D. C. and Maryland Employment ADA Disability Claims Attorney
Also Serving the Frederick, Howard and Anne Arundel Counties, Silver Spring and Glen Burnie, Columbia Areas
Under the Americans with Disabilities Act (ADA), and its state counterpart, Title 20 of Maryland’s State Government Article, employers in Maryland have an obligation to provide reasonable accommodations to employees with known disabilities. When they fail to do so, disabled employees can seek remedies under the ADA.
The Americans with Disabilities Act (ADA) provides several protections for disabled workers. In addition to prohibiting employers from discriminating against employees on the basis of disability, the ADA also requires employers to provide “reasonable accommodations” to disabled workers when such accommodations are necessary to the performance of essential functions of their jobs.
The ADA’s disability accommodation provisions apply to employees with both physical and mental limitations. While employers generally only have an obligation to accommodate known disabilities, some courts have ruled that employers must make a reasonable effort to determine the appropriate accommodation when an employee attempts to communicate a disability, even if the communication is not entirely clear.
What is a “Reasonable Accommodation” Under the ADA?
According to the Equal Employment Opportunity Commission (EEOC), a reasonable accommodation is:
“any change or adjustment to a job or work environment that permits a qualified applicant or employee with a disability to participate in the job application process, to perform the essential functions of a job, or to enjoy benefits and privileges of employment equal to those enjoyed by employees without disabilities. . . . Reasonable accommodation also must be made to enable an individual with a disability to participate in the application process.”
Whether an employer’s particular effort to meet a disabled employee’s (or applicant’s) needs qualifies as a reasonable accommodation will depend upon the specific circumstances involved. What qualifies as a reasonable accommodation for one employee may be insufficient for another; as a result, employers in Maryland must work closely with their employees, human resources personnel, and advisors to make sure that their efforts satisfy their legal obligations.
For example, depending upon an employee’s unique needs, the following may or may not constitute reasonable disability accommodations under the ADA:
- Adapting training materials, policies, and procedures to meet disabled employees’ needs
- Making available ergonomically designed tools and equipment
- Modifying workplaces for ADA compliance
- Offering modified or flexible work schedules
- Providing alternate or modified seating and workspaces
- Providing alternate means to complete application processes and examinations
- Reassigning disabled employees to alternate positions
- Restructuring job responsibilities
The “Undue Hardship” Exception
Under the ADA, an exception exists where providing a reasonable accommodation would result in “undue hardship” to the employer. Like the process of identifying a reasonable identification, identifying what constitutes undue hardship is not a straightforward assessment, but rather a multivariate analysis that requires weighing a variety of different facts and circumstances. Factors to be considered in determining whether a disability accommodation would result in an undue hardship include:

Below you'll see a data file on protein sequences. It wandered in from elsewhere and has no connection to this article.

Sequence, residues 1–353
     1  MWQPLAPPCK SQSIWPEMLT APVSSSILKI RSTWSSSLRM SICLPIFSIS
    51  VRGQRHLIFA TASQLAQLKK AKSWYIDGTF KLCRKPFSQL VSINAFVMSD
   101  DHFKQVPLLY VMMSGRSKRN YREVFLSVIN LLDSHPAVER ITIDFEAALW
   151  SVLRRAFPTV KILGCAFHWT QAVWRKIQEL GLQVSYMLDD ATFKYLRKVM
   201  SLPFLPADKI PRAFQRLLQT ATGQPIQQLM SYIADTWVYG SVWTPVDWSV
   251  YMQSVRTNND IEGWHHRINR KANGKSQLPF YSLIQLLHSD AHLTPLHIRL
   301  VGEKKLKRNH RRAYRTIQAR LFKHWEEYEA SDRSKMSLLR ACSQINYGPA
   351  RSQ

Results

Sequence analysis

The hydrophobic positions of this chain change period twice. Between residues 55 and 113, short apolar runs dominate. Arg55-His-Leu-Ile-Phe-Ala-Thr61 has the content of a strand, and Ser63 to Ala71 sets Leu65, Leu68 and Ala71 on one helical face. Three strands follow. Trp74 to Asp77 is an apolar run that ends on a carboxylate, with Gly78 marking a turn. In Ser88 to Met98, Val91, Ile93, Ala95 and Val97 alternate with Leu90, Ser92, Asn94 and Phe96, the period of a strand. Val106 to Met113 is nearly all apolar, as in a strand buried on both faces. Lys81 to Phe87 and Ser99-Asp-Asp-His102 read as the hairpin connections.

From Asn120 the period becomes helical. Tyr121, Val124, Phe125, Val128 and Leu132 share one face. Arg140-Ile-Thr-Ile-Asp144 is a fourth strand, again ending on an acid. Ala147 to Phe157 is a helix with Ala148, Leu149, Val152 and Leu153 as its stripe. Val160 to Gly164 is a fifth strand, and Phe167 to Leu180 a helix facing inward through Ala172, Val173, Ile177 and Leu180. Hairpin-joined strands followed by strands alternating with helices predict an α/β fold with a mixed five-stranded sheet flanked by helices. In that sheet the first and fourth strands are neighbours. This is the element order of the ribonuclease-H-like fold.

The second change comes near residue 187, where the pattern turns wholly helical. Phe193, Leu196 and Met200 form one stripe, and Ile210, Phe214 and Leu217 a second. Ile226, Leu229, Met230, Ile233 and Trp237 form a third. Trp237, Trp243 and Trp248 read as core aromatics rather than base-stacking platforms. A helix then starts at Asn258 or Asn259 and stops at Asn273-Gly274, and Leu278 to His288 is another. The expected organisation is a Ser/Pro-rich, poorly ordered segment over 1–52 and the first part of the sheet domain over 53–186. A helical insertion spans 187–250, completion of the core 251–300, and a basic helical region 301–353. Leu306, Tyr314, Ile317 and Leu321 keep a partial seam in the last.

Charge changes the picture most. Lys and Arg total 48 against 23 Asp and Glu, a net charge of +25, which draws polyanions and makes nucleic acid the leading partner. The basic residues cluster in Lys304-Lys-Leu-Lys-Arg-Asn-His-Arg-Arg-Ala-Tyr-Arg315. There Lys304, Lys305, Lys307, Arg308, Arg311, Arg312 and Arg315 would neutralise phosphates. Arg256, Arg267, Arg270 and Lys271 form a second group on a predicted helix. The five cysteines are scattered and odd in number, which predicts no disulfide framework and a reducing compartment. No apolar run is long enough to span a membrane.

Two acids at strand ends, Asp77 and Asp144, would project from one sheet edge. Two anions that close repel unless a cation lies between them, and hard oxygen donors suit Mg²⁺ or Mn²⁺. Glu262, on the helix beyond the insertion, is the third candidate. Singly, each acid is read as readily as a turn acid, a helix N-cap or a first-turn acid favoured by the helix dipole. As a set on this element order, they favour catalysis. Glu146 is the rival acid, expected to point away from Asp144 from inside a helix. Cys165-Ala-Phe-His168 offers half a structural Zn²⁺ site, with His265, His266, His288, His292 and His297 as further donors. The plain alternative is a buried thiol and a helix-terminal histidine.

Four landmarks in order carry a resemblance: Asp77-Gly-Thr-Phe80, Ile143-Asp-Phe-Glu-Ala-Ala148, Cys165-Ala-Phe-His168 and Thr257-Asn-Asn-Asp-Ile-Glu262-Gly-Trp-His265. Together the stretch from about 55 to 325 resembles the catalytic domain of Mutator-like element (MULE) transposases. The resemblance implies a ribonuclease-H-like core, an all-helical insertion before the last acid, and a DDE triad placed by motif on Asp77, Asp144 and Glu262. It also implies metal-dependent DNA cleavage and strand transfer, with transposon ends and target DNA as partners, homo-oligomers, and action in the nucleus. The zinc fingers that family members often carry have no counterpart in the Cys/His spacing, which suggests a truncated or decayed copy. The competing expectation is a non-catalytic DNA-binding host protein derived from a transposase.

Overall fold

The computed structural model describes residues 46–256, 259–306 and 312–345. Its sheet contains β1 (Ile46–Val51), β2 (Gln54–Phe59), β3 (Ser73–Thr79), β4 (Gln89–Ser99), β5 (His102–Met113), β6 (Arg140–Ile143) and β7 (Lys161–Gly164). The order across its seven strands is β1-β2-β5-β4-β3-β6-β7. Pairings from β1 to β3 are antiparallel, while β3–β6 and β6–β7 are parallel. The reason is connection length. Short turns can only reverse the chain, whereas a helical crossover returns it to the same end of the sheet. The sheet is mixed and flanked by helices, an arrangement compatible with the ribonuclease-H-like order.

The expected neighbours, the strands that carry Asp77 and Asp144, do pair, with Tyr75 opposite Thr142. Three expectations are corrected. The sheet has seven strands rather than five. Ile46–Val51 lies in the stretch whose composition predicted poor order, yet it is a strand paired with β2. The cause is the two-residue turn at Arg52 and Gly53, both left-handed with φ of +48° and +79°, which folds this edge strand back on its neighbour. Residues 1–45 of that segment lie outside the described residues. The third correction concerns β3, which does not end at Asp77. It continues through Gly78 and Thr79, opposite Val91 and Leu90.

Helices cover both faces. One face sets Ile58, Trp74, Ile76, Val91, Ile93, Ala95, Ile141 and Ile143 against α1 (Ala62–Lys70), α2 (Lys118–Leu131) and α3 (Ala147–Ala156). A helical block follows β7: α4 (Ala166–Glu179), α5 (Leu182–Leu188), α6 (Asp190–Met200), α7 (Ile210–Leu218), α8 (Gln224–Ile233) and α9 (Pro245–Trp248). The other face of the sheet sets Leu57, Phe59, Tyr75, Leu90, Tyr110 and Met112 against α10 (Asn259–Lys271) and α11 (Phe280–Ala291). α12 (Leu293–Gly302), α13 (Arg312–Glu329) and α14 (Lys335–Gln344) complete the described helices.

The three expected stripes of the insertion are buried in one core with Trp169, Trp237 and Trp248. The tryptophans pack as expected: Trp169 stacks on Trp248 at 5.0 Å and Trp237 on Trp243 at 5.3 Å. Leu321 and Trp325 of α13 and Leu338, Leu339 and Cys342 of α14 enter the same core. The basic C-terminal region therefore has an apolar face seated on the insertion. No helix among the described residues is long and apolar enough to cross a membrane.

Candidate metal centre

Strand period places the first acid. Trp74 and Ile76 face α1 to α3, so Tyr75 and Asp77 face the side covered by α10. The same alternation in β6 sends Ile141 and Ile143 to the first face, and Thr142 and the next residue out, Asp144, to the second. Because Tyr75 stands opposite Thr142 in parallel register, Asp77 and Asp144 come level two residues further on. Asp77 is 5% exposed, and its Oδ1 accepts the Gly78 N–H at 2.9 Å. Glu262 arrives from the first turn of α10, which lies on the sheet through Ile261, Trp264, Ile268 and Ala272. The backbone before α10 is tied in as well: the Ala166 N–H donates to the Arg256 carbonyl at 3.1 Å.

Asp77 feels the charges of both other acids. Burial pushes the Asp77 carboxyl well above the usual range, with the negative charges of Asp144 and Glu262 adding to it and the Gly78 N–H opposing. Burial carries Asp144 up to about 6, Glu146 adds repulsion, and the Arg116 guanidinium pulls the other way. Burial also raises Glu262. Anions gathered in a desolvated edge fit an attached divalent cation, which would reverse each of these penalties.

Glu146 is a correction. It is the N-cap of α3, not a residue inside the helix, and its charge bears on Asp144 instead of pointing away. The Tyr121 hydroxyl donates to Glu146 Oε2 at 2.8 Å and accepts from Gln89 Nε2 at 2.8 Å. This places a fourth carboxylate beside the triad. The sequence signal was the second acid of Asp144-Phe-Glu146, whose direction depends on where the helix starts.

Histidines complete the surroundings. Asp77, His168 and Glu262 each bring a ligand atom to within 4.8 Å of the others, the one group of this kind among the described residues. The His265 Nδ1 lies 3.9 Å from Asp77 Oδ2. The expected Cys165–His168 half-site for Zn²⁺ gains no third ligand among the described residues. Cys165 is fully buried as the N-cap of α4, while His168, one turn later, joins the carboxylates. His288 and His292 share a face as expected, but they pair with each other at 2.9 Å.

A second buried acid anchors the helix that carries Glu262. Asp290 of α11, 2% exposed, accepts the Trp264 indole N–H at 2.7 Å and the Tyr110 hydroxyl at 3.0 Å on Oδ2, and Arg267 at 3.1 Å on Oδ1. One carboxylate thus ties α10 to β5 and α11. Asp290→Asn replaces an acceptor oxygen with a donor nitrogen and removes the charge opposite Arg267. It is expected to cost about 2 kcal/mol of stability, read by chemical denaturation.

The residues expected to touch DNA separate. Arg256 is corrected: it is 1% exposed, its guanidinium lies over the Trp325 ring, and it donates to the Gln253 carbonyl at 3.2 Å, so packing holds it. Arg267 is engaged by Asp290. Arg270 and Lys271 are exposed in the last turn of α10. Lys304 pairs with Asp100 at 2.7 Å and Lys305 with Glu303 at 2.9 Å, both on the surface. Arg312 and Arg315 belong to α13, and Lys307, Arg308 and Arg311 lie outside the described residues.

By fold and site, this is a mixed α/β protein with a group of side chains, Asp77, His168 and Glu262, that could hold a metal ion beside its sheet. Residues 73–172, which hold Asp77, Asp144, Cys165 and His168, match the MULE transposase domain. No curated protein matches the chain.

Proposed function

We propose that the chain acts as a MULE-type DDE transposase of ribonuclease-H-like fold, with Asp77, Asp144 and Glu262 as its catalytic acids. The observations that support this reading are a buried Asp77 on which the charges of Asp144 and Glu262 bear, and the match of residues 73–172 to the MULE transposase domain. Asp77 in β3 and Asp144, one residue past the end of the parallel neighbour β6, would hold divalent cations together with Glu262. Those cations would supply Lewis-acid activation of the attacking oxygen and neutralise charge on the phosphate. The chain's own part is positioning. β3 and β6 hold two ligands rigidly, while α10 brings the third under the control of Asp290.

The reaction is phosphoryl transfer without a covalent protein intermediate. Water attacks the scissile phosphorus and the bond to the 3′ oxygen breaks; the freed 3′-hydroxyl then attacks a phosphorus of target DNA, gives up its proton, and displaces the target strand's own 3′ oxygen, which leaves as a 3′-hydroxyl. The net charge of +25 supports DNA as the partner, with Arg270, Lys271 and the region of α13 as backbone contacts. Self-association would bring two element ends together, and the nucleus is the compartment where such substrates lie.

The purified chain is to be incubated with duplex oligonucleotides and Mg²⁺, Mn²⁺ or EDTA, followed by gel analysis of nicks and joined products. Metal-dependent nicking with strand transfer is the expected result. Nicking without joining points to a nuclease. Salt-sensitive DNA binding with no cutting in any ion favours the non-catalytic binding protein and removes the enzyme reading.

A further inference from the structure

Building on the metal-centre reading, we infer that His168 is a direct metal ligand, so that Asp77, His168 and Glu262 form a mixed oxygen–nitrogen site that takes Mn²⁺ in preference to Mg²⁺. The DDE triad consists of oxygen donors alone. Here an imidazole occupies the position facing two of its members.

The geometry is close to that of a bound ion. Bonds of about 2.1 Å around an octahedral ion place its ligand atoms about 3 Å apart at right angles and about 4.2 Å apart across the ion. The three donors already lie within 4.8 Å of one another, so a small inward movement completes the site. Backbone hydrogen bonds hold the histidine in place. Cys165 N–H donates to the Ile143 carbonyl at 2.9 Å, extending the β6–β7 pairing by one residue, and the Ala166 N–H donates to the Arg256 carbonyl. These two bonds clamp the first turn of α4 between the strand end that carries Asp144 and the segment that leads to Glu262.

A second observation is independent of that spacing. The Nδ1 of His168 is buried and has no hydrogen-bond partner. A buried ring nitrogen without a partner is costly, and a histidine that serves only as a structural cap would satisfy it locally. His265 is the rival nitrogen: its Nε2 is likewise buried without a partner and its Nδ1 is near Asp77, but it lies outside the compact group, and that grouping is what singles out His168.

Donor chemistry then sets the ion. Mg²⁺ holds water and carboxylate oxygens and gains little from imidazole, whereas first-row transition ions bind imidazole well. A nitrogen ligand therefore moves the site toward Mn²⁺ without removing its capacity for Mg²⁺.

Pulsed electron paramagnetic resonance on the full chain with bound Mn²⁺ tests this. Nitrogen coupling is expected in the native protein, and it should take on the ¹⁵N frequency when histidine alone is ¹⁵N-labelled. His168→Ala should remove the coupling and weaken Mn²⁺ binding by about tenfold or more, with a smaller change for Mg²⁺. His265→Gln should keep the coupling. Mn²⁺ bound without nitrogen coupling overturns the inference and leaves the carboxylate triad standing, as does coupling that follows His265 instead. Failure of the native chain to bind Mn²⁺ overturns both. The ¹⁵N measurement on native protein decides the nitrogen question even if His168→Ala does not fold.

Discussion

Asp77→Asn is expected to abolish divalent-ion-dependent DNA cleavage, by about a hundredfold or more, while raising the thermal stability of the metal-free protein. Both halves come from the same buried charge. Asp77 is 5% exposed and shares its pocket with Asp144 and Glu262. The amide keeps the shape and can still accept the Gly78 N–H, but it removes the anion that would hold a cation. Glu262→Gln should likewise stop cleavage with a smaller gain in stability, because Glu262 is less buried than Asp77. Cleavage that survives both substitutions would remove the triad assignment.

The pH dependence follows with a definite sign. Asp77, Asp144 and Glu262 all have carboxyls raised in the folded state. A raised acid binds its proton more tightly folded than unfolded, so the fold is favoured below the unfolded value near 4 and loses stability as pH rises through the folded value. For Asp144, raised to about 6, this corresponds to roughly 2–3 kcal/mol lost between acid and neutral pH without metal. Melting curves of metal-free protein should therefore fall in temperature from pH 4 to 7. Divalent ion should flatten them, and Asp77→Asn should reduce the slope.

- The financial cost of the accommodation
- The employer’s financial resources
- The nature of the employer’s business, including size and structure
- The costs previously incurred in attempting to provide reasonable accommodations
However, the fact that one form of accommodation presents an undue hardship does not mean that there are no alternatives available. If one option presents an undue hardship, the employer has an obligation to look for alternatives. In addition, the EEOC mandates that employers consider alternate sources of funding (such as tax credits), and they must give disabled employees the opportunity to either provide or assist in covering the cost of the original accommodation, as well.
Disability Accommodation Compliance is a Fine Line
As you can begin to see from the issues discussed above, employers must often walk a fine line when it comes to meeting their obligations regarding disability accommodations under the ADA. While employers must make reasonable efforts to accommodate their employees’ needs, in doing so they must be careful to avoid other issues that can lead to ADA violations. For example, while employers are permitted to question applicants and employees regarding their ability to perform job-related functions, any questions regarding an individual’s disability are flatly prohibited.
Understanding employees’ rights and employers’ responsibilities under the ADA requires comprehensive knowledge of the law and the ability to apply the law to individualized circumstances on a case-by-case basis. Having practiced employment law in Maryland for more than 17 years, attorney Joyce E. Smithey brings a wealth of experience to representing employers and employees in matters involving disability accommodations. If you are an employee and you believe that you are entitled to an accommodation, or if you are an employer and you need guidance on ADA compliance, contact Ms. Smithey to discuss your situation today.
Contact Joyce E. Smithey | Maryland ADA Compliance Lawyer
To discuss your situation with attorney Joyce E. Smithey in confidence, please call (410) 269-5066 or request an appointment online. With offices in Annapolis, Ms. Smithey represents employers and employees statewide.